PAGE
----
How much time do you take to plan in the winter? There are varying degrees of planning and preparation in a business, and the effectiveness of that planning is directly correlated with long term success.
Let’s consider two scenarios. Peter Planzalot is a moderate to large grain farmer who doesn’t enjoy surprises. He starts planning as soon as the shed doors close in the fall. He begins with a production budget by estimating costs of production and potential contribution margins for each commodity. Based on these calculations and his rotations, he decides exactly where and how much of each crop he will grow. Often he will consider two potential yields: his long term crop insurance average, and the expected yield for which he fertilizes.
Then Planzalot projects his income and expenses. He knows he will sell most of his old crop and typically forward sells a portion of his new crop for fall cash flow and to turn his bins. Expenses are determined using historical expenses from past financial statements and minor adjustments. For instance, since Planzalot will be doing more tillage this next season and marketing his wheat further from home than he normally does, he’s increased his projected fuel expense from $20/ac. up to $24.50.
Planzalot is 58. Although he often talks about slowing down, he thinks one of his children may be interested in farming, and he loves what he does so he holds on to a desire to grow by five per cent each year. This year he plans on approaching a neighbour to see whether a rental agreement could be worked out.
Based on his anticipated growth, Planzalot works through a capital purchase plan. He plans to purchase more storage when the programs come on in January. Planzalaot also considers his human resources. He operates with one full time employee and up to three more seasonally. He needs to know how to encourage them to return, and to make sure he’ll have enough help given his expansion plans.
Then he rolls all of these plans into a projected monthly cash flow, and adds loan payments and income tax into the equation.
At this point, Planzalot needs to consider whether he can prepay long term debt, make sure he’s paying the lowest possible tax rate, and check that he has access to any financing he might need.
Now, let’s visit Fred Flibideseat-ofmypantz. Fred’s also a moderate to large farmer, but he lives by Sir John Harvey-Jones’s words, “Planning is an unnatural process; it is much more fun to do something. The nicest thing about not planning is that failure comes as a complete surprise, rather than being preceded by a period of worry and depression.”
Flibideseatofmypantz intuitively knows which crops make him more money. But his brother’s wife doesn’t, and she owns 25 per cent of the farm. He works hard to buy inputs as cheap as possible and sell crop as high as possible, which usually works out OK. Sometimes he holds off paying some bills if the pre-bought fertilizer bill is big, or he quickly sells some canola or corn to generate cash.
He’d like to take on more land, but last year was wet and he knows that he is further into his operating line that he normally is; expansion probably isn’t the best idea right now. Flibideseatofmypantz usually hires some part-time help at the last minute, and, if he can’t, he and his brother put their heads down and work harder and longer, another feature of his management that does not sit well with his sister-in-law. He’d like to bring in his son but really doesn’t understand where he might fit into their farm. His plan is to let his son use their machinery to get started, but Fred isn’t sure his son can afford it or if they can spare the time.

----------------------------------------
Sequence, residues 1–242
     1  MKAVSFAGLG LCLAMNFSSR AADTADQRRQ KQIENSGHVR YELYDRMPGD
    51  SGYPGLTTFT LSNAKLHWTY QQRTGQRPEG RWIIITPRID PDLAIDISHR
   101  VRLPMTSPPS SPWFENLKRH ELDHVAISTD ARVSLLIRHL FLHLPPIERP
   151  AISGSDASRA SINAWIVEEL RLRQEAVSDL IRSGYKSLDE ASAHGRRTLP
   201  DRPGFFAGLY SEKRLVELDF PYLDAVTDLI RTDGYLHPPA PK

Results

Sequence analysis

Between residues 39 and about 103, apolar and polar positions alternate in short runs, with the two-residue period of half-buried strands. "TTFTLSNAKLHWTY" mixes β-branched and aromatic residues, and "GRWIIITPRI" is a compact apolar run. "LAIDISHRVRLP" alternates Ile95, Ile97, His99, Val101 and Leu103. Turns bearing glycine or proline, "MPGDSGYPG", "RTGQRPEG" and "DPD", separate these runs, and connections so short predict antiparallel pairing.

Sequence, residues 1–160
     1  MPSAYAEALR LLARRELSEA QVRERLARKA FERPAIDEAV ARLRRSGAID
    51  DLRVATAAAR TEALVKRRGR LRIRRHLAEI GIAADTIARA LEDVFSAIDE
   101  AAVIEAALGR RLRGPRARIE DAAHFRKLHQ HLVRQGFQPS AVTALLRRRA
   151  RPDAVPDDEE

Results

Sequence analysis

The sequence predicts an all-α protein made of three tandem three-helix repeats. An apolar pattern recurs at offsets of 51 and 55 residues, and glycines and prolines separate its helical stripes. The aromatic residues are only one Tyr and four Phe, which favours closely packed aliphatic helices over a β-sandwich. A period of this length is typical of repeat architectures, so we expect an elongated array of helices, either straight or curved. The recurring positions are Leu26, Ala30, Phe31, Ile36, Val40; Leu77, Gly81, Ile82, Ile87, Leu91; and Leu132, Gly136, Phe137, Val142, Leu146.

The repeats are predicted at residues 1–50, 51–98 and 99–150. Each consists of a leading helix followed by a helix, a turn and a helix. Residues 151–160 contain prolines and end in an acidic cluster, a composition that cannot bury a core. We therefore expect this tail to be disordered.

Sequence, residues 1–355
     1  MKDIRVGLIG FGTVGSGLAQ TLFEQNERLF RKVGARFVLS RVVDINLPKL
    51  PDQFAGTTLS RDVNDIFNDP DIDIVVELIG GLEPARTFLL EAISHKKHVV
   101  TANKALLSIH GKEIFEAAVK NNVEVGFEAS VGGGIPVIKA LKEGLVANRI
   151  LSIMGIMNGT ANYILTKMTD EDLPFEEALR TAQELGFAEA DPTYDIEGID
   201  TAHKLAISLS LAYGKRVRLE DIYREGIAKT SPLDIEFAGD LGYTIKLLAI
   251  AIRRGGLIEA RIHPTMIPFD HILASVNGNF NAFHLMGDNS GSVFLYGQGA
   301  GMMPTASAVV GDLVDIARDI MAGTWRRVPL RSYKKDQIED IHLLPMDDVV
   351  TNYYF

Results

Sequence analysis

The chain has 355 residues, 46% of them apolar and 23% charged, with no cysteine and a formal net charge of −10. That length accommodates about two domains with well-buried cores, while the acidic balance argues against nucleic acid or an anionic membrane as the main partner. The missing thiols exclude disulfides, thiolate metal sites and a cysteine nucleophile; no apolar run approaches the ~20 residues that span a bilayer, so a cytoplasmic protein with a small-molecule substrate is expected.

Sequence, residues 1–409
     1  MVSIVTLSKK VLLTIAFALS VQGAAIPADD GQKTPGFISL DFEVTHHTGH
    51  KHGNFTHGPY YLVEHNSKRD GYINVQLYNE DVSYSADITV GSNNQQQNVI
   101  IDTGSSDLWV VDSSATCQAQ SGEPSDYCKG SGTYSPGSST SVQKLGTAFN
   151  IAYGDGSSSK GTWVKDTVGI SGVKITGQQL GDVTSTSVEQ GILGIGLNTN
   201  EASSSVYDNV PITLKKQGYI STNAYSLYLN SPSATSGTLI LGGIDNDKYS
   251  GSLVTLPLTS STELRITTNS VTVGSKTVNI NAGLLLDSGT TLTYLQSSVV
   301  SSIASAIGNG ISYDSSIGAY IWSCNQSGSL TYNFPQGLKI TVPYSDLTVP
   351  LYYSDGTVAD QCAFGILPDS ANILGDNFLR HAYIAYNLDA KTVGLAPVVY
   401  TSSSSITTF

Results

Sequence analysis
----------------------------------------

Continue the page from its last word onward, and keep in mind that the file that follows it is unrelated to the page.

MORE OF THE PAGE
Flibideseatofmypantz has settled into buying most of his inputs before year-end and deferring grain tickets from October on but isn’t quite sure what to do next to manage tax. His brother trusts him and has enjoyed working with him but isn’t sure what Fred does in the financial management of the farm and his wife is starting to ask a lot of hard questions. The Flibideseatofmypantz farm may be headed for some heated discussion or hard feelings.
You may ask yourself, in a business such as farming how can I estimate yield when it is so largely dependent on weather? How can I guess where the market will be in my next production cycle given world markets and uncertainty? How do I know if I will be able to expand, or forced to contract? All valid questions and you are correct in your uncertainty, however the merit in planning isn’t being exact in your predictions but rather to clearly understand the expected outcome given a set of circumstances. This plan is a framework for effective communication within your ownership and management team as well as people integral to your operation such as accountants, creditors, landlords, and input dealers. This plan ensures that everyone is singing from the same songbook.
Imagine a hockey team where strategy and positioning was never discussed. How would that look compared to the team that knew what the plan and strategy was and was working together to achieve it, all with the same common goal in mind?
If you have a strong plan, when circumstances change, you and your management team will understand the implications of those changes and recognize whether the impact is something that needs to be dealt with immediately or something that will not significantly impact the plan. This process is not simple. If there are parts of it that you find difficult, utilize a consulting business such as ours, your accountant, or even your creditor. †